Plant Pumpkins Soon For Halloween
If you have a family tradition of gathering around the table to carve plump, orange pumpkins on Halloween, it’s not too late to plant your own. Growing pumpkins isn’t too difficult as long as you’ve got the right circumstances and conditions and provide them with proper care in the months leading up to late October. If you want to grow your own pumpkins in time for Halloween, we’ll guide you through the simple and rewarding process!
How to Grow Pumpkins for Halloween
Choosing the right pumpkin variety is a good place to start. You’ll want to balance the look of pumpkin you want with the climate you live in. No two pumpkin varieties are the same, so it might be a good idea to browse our extensive collection of heirloom pumpkin seeds to choose the varieties that will work best in your garden. Of course, if you’re looking for the classic Halloween pumpkins, varieties such as the 6lb Spookie or the massive Big Max are great options to plant in your garden.
There is a wide variety of pumpkins to choose from for look, size or taste, but be sure the varieties you decide on are good for your growing region.
Pumpkins do best when direct sown into the soil. Choose a sunny spot with lots of room for the vines of the plant to spread. You’ll want to try to choose a spot with minimal grass or weeds, but if this space is at a premium, grab a bail of straw or hay and mulch the area around where you plan to plant your seeds.
To grow so large, pumpkins have a big appetite, so create a mound of rich soil amended with aged manure, compost, and any other soil amendments you might have lying around. Build up your soil mounds as large as you can get them—3’x3’ is preferred—this will be beneficial in the early stages of growth as well as the later stages as it reduces excess moisture which can lead to issues.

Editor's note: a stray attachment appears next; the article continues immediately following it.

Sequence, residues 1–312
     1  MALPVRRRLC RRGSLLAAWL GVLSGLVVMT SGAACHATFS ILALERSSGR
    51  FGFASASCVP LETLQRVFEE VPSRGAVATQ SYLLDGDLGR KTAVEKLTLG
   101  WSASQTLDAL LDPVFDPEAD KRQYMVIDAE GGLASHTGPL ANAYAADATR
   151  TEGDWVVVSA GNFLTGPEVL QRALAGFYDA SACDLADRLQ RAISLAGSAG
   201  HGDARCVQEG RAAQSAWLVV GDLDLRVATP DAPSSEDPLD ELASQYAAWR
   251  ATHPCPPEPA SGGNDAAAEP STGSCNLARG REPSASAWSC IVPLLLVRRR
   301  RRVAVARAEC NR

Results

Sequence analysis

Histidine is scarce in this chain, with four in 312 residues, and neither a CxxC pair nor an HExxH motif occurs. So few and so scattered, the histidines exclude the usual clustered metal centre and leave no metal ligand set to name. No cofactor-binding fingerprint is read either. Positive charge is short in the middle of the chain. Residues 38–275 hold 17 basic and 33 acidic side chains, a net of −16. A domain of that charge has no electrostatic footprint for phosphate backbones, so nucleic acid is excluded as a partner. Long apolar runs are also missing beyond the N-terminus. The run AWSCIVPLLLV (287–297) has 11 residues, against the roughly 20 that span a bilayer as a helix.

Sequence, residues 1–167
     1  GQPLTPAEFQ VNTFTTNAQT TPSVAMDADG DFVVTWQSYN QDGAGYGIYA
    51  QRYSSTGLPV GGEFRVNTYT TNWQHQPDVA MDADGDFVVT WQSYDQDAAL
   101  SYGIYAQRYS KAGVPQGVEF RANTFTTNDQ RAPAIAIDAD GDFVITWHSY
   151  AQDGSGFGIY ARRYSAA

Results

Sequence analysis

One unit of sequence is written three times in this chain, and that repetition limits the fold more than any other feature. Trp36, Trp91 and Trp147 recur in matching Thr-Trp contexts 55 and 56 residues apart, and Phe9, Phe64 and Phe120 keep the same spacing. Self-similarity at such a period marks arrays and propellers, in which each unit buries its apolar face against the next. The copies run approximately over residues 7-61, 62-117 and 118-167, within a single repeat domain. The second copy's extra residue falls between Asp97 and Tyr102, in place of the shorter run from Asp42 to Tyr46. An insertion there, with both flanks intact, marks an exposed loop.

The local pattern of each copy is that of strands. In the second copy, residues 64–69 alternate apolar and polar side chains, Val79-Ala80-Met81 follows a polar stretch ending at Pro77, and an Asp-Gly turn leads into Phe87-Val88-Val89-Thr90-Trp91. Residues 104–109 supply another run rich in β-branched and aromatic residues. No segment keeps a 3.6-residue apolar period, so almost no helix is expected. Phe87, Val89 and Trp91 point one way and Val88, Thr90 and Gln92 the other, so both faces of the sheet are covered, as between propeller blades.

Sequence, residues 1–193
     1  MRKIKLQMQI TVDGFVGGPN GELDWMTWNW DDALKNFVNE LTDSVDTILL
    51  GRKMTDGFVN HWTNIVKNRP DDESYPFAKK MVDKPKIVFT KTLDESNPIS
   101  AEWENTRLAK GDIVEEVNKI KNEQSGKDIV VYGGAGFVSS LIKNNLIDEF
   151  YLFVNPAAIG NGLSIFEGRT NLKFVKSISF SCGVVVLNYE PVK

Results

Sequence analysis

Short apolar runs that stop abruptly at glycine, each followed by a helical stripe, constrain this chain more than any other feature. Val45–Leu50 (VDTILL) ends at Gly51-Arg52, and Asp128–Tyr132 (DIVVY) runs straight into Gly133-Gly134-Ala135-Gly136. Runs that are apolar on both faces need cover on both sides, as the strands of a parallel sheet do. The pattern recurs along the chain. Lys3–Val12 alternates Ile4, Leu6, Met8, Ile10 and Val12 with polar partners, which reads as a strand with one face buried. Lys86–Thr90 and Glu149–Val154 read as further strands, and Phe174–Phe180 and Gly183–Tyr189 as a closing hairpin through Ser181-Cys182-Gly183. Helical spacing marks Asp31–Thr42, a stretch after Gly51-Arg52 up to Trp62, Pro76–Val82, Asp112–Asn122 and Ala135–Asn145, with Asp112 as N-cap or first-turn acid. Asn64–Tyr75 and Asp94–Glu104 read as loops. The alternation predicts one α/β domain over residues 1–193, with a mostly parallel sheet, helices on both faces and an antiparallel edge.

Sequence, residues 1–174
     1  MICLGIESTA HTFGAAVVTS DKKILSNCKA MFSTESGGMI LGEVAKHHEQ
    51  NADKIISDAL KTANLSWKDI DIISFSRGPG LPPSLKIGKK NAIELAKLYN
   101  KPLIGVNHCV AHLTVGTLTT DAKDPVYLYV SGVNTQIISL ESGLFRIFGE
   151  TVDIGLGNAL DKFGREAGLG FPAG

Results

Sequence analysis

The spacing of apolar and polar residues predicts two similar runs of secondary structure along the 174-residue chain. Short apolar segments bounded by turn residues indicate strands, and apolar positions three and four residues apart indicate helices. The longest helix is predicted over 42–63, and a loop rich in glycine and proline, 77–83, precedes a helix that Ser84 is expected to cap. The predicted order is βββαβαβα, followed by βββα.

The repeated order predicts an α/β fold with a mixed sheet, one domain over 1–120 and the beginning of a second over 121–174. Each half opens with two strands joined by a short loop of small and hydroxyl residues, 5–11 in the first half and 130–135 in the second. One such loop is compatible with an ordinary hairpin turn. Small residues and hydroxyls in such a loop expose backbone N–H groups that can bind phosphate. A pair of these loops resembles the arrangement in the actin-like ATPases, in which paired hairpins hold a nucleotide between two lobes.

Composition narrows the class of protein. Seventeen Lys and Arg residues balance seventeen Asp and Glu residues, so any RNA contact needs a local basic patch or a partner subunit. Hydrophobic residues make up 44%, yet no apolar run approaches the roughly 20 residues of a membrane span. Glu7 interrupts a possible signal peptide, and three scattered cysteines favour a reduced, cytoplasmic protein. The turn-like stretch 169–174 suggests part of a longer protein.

Direct sow 5 seeds per mound and keep watered until the plants sprout which should take about a week depending on the variety. Once the plants get a few inches tall, cull all but the biggest and strongest 3 of the bunch per mound.
You’ll be surprised how quickly your pumpkin vines will begin to spread, shooting off into the direction of their choosing. As your pumpkins grow, continue to water them throughout the week taking care to avoid watering the vines themselves. Getting water on the vines can lead to rot and disease so its best to avoid it altogether, but don’t let that stop you from ensuring your mounds are being properly hydrated to ensure an excellent harvest.
Eventually, as your vines grow, you’ll start to see big, beautiful yellow-orange flowers forming. Gourds have both male and female flowers. The easiest way to tell the difference is that a female flower will have a tiny, baby pumpkin at its base. Both flowers are needed for pollination, otherwise the baby pumpkins will die with the flower. It’s a good time to mention the importance of bees when pollinating any fruiting plant, so remember to plant flowering plants in your yard to ensure attract bees and encourage proper pollination. If for some reason you’re having issues with bees, you can hand pollinate your flowers by collecting pollen from a male flower with a soft paintbrush and then gently brushing it onto your female flowers.
You’ll know your pumpkins have been successfully pollinated when the flower dies off leaving a tiny green fruit behind. Continue to care for, water and fertilize your pumpkins through the growing season, ensuring you keep pests and weeds at bay!
The Native Americans had an impressive knowledge of growing to maximize space and harvest, and made use of companion planting to accomplish it. They knew that certain plants when grown together made them all happier. In the case of pumpkins, they had the three sisters: pumpkin (or squash), beans and corn.
The pumpkin protects the ground, keeping weeds down, while the corn provides a trellis for the beans to climb. The beans then supplied additional nitrogen to the soil, helping both the corn and the pumpkin grow big and strong.
If you’re interested in growing more than just pumpkins, consider using this “three sisters” that the Native Americans created to ensure your harvest is bountiful. It’s also a great way to introduce the little ones to the idea of plants working together as a team!
If the idea of walking around your garden with your children and family, picking big, beautiful pumpkins you grew yourself and creating lasting memories in the process, consider planting your own pumpkins! They’re great for Halloween traditions—and Thanksgiving, too.